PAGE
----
Top Ten Emergencies in Cats

Cats
often become reclusive and hide when they are not feeling well which makes
knowing when they need to be seen by your veterinarian a challenge. They have
unique signs and symptoms of emergency conditions that often go unrecognized by
their owners. Some injuries are obvious, such as a cat with an open wound,
while others have more subtle signs that can be equally deadly if left
untreated. Knowing what signs to look for is crucial in determining when to
seek emergency care for your cat. Below is a list of some of the most common
cat emergencies and their signs.
Urethral Obstruction
This
is a condition in which a cat, usually male, is unable to urinate due to a
blockage in the urethra (the tube leading from the urinary bladder to the
outside environment).
Cats
will show a sudden onset of restless behavior which includes frequent trips in
and out of the litter box. They will often attempt to urinate in unusual places
such as in a bath tub or on a plastic bag. You may notice a very small stream
of urine that contains blood. More often than not, despite a cat’s straining,
there may be no urine or even just a drop produced. In later stages of the
obstruction, cats may cry loudly, vomit, and become lethargic.
You
should consider these signs a serious emergency and seek veterinary care
immediately. There are reports of cats developing kidney failure and dying
within 12 hours after the onset of signs. Expect your cat to be hospitalized at
least 36 hours for treatment of this condition which may include a urinary
catheter, intravenous fluids, and pain management. Female cats are less likely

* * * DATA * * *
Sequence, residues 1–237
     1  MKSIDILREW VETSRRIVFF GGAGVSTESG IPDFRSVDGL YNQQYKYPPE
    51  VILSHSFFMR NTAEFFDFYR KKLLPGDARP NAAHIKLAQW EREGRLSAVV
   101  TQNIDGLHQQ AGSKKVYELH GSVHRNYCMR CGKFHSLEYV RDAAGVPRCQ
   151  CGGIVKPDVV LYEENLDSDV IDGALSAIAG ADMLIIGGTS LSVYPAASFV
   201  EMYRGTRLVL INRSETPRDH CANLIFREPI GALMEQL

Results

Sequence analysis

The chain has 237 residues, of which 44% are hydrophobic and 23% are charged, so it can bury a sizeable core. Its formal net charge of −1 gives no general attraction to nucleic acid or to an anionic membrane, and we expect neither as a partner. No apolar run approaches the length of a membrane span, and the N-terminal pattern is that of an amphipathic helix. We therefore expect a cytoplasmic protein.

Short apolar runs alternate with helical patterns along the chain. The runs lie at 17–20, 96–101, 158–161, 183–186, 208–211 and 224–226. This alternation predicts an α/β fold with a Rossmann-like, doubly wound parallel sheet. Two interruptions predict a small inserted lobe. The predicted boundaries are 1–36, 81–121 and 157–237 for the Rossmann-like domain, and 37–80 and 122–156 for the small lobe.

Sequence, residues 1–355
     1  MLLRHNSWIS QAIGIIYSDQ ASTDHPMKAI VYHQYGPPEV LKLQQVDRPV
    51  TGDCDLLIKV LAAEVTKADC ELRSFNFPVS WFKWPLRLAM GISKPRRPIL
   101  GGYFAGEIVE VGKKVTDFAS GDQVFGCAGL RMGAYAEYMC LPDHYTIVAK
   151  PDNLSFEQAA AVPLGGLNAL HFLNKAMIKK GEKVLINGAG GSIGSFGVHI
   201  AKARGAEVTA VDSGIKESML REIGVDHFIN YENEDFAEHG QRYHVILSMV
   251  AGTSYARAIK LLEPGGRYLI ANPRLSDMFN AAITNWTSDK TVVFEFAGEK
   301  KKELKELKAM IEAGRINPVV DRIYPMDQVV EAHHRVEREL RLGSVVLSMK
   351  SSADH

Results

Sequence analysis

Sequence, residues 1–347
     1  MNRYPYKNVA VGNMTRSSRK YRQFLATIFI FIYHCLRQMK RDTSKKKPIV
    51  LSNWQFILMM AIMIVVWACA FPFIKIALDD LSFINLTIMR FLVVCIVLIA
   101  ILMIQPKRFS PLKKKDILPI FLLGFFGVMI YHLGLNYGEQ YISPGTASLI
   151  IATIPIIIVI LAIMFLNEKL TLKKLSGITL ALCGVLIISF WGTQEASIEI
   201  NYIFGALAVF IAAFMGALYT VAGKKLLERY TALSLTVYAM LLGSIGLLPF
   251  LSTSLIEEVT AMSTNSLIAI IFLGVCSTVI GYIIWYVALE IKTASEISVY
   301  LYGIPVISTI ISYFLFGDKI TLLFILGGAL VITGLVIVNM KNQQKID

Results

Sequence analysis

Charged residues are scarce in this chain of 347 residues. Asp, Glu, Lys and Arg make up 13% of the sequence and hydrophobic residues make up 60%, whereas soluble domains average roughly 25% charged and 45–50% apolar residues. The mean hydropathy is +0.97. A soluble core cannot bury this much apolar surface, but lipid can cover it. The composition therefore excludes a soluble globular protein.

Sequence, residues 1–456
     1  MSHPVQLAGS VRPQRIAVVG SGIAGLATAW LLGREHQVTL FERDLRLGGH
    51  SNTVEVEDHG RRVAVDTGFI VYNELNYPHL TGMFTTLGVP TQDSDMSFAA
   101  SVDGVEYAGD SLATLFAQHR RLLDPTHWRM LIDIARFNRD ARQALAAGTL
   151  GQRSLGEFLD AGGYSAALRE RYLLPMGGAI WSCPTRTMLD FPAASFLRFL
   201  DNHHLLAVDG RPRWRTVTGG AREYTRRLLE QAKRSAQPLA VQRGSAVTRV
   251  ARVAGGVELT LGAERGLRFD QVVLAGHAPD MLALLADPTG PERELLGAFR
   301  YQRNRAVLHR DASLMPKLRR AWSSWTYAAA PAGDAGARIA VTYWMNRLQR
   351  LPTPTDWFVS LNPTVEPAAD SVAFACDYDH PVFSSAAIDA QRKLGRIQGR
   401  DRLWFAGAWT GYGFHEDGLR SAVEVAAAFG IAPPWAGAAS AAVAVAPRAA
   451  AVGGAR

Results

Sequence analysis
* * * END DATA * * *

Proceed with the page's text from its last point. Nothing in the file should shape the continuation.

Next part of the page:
to become obstructed due to their wider urinary tract.
Toxicities (Poisoning)
The
combination of their curious nature and unique metabolism (the way their body
breaks down chemicals) makes cats very vulnerable to toxins. Owners are often
not aware that their home contains multiple products that are poisonous to
their feline companions. The most common cat toxins include antifreeze,
Tylenol, and rat or mouse poison.
The
signs your cat displays depends on what type of poison they have encountered.
Antifreeze will often cause wobbliness or a drunken appearance first, then
progresses to vomiting/weakness as the kidneys fail. Tylenol may cause an
unusual swelling of the head and changes the cats blood color from red to
chocolate brown. Rat or mouse poison interferes with blood clotting so you may
see weakness from internal blood loss or visible blood in urine or stool.
Breathing Problems
Many
times cats hide the signs of breathing problems by simply decreasing their
activity. By the time an owner notices changes in the cat’s breathing, it may
be very late in the progression of the cat’s lung disease. There are several
causes of breathing changes but the most common are feline asthma, heart or
lung disease.
Foreign Object Ingestion
As
you know cats love to play with strings or string-like objects (such as dental
floss, holiday tinsel, or ribbon), however, you may not know the serious danger
that strings can pose to your cat. When a string is ingested, one end may
become lodged or “fixed” in place, often under the cat’s tongue, while the
remaining string passes farther into the intestine. With each intestinal
contraction, the string see-saws back and forth actually cutting into the
intestine and damaging the blood supply.
Signs
that your cat has eaten a foreign object may include vomiting, lack of
appetite, diarrhea, and weakness. Occasionally owners will actually see part of
a string coming from the mouth or anal area. You should never pull on any part
of the string that is visible from your pet.
Most
times emergency surgery is necessary to remove the foreign object and any
damaged sections of intestine.
Bite Wounds
Cats
are notorious for both inflicting and suffering bite wounds during encounters